Are you one of those companies that know your customers' journey with all touchpoints? Do you also know at which touchpoint of the customer journey potential customers drop out, often because of a single negative experience? Read this article and learn how to identify, analyze and proactively model all touchpoints of the customer journey so that your customer remains a customer and talks positively about you. Because only with a customer-centric outside-in mindset will you inspire and retain loyal customers in the long term.
Please also read our blog post on customer centricity and customer experience: What customer-centric thinking and acting really means. Furthermore, the authors offer Free webinars on the topic to.
Why every company should know the details of its customers' journey
Negative shopping experiences, such as abandoned purchases, account for a potential loss of sales of up to €2.2 trillion annually.
~ Adyen Global Retail Report, 2019.
Depending on the industry and sales channel, up to 19 out of 20 potential customers drop out before making a purchase decision. There is a reason for every drop-off. And this cause is often due to a single negative experience that the customer had at one of their points of contact with you. The point of contact and the cause often remain undiscovered for you. Only if you know all the points of contact and know what expectations and needs, what questions and thoughts, what feelings and emotions the customer has at these points, only then will you be able to identify and minimize the causes of a drop-off.
The tool and process of customer journey mapping is not really new. Nevertheless, the conversion rates of most companies are poor. And yet many companies waste their resources on internal issues and fail to take a consistent outside-in, customer-centric perspective on what ultimately matters: meeting real customer expectations holistically across all touchpoints of the customer journey. In this article, we therefore describe how you can
- Make your customers' journey transparent for you
- ensure that the customer continues their journey with you.
We will show you ways to ensure that your customers remain customers and speak well of you as a supplier and recommend you - from the first to the last point of contact with you. Because we want to help you to ensure that your customer not only remains a customer, but becomes your long-term fan!
The customer journey
Where does a customer start to gain experience with a supplier? Right from the first contact that the customer has with the potential supplier. This starting point is often not recognized and taken up. For many manufacturers - especially in the SME B2B environment - the customer journey only begins after delivery and installation. They neglect the many touchpoints that a customer has from initial attention to the purchase decision and ignore their poor conversion rate from initial contact to sale. Other companies focus primarily on the marketing component of customer experience: How do I use customer experience to increase my sales? However, this is the total inside-out view, which runs counter to the idea of customer experience.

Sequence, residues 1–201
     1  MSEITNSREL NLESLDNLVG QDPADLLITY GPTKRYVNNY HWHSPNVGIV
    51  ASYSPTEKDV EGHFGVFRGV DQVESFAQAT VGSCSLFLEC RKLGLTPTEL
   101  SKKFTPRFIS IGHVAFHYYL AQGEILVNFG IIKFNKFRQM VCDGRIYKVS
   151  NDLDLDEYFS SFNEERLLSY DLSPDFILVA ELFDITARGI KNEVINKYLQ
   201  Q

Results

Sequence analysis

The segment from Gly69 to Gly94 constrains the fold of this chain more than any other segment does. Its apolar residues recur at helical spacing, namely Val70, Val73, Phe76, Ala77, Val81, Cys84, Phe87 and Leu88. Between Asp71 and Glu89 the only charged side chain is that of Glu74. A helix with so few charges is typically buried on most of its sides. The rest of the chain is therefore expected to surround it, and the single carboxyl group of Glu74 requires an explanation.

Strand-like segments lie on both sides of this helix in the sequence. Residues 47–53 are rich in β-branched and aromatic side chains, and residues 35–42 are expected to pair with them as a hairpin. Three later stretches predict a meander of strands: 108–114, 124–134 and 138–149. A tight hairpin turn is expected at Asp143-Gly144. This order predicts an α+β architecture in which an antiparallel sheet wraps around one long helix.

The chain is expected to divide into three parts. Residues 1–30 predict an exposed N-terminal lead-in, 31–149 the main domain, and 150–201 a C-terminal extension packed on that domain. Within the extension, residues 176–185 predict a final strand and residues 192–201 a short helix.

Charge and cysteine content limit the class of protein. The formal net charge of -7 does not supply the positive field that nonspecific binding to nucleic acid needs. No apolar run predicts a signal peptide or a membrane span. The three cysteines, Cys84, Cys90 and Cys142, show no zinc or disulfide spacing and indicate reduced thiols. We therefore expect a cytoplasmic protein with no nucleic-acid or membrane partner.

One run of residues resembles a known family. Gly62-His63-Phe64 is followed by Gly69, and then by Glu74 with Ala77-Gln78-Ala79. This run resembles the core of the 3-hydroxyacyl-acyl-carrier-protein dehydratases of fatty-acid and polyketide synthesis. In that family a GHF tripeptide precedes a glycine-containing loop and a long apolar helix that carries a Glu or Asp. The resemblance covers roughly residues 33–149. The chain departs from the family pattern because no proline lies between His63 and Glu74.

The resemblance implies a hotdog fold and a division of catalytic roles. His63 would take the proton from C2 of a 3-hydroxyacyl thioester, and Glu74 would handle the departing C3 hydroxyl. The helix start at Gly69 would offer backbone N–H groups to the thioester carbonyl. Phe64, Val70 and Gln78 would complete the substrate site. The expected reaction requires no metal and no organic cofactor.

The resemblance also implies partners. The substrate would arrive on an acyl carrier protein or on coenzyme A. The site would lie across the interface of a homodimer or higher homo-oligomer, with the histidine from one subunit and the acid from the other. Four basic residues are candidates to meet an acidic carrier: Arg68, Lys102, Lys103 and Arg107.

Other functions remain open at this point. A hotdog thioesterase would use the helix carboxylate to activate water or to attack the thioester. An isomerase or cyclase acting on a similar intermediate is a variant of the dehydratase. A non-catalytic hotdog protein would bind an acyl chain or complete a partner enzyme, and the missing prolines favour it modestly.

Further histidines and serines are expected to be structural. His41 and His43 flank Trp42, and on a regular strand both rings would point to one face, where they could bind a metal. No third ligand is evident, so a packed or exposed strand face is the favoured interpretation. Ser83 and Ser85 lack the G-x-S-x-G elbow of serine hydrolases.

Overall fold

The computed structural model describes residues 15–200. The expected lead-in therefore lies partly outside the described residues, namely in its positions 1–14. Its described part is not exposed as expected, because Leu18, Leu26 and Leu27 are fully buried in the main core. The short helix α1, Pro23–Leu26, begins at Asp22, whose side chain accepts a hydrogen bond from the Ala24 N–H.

The customer journey therefore describes the customer's journey consistently and exclusively from the customer's perspective (outside-in or from the outside in). This journey starts with the very first contact that the potential customer has with the company - a touchpoint that often takes place without the company's knowledge.
The goal should be that a customer's journey never ends, that this customer remains loyal after his first purchase decision and buys again and again. And the goal should be that this customer attracts new customers by talking well about you as a supplier, well about your company, your products and services and your employees. However, this only works if companies start to take the customer's point of view and recognize and meet their needs and expectations in a customer-centric way.
Milestones and phases of the customer journey
It is important to understand the significance of the customer journey in its entirety with all touchpoints for creating a sustainable, positive customer experience. In the following, we therefore describe the customer journey with all milestones and key transitions as an example. Based on the customer's experience at each of the individual touchpoints, the customer (and only the customer) decides whether to continue or abandon the journey. In our picture, the customer journey is depicted using Signavio, a software that allows processes to be visualized very clearly. This digitalization tool can also be used to create links to other tools.
The customer journey begins with the point of contact at which a customer consciously perceives you as a potential supplier and becomes aware of you. Accordingly, this point and the subsequent first phase of the customer journey are called Attention = Awareness. This first phase of the search is therefore about gaining attention and maintaining and increasing this attention once it has been gained. The special feature of this phase is the lack of visibility of many touchpoints and therefore also the lack of feedback on the experience that a customer has at these invisible touchpoints: the lack of feedback makes this experience difficult to assess. This makes it correspondingly more difficult to define improvement measures.
The next phase begins with the consideration of shortlisting you as a supplier: Consideration = Consideration. Here it is important that the points of contact are personalized and individualized for your customers. The customer wants and should feel personally addressed by your offers. To achieve this, you must not only identify the expectations at the respective touchpoints, but you must also recognize in detail what will ultimately motivate the customer to make a positive purchase decision. Your approach - and above all your offer - must be tailored to these expectations in terms of content and price. You will gain a decisive competitive advantage if you find out what the customer particularly values and what they lack in your competitors' offers. Therefore, make sure that your offer is unique and that the customer cannot get past you.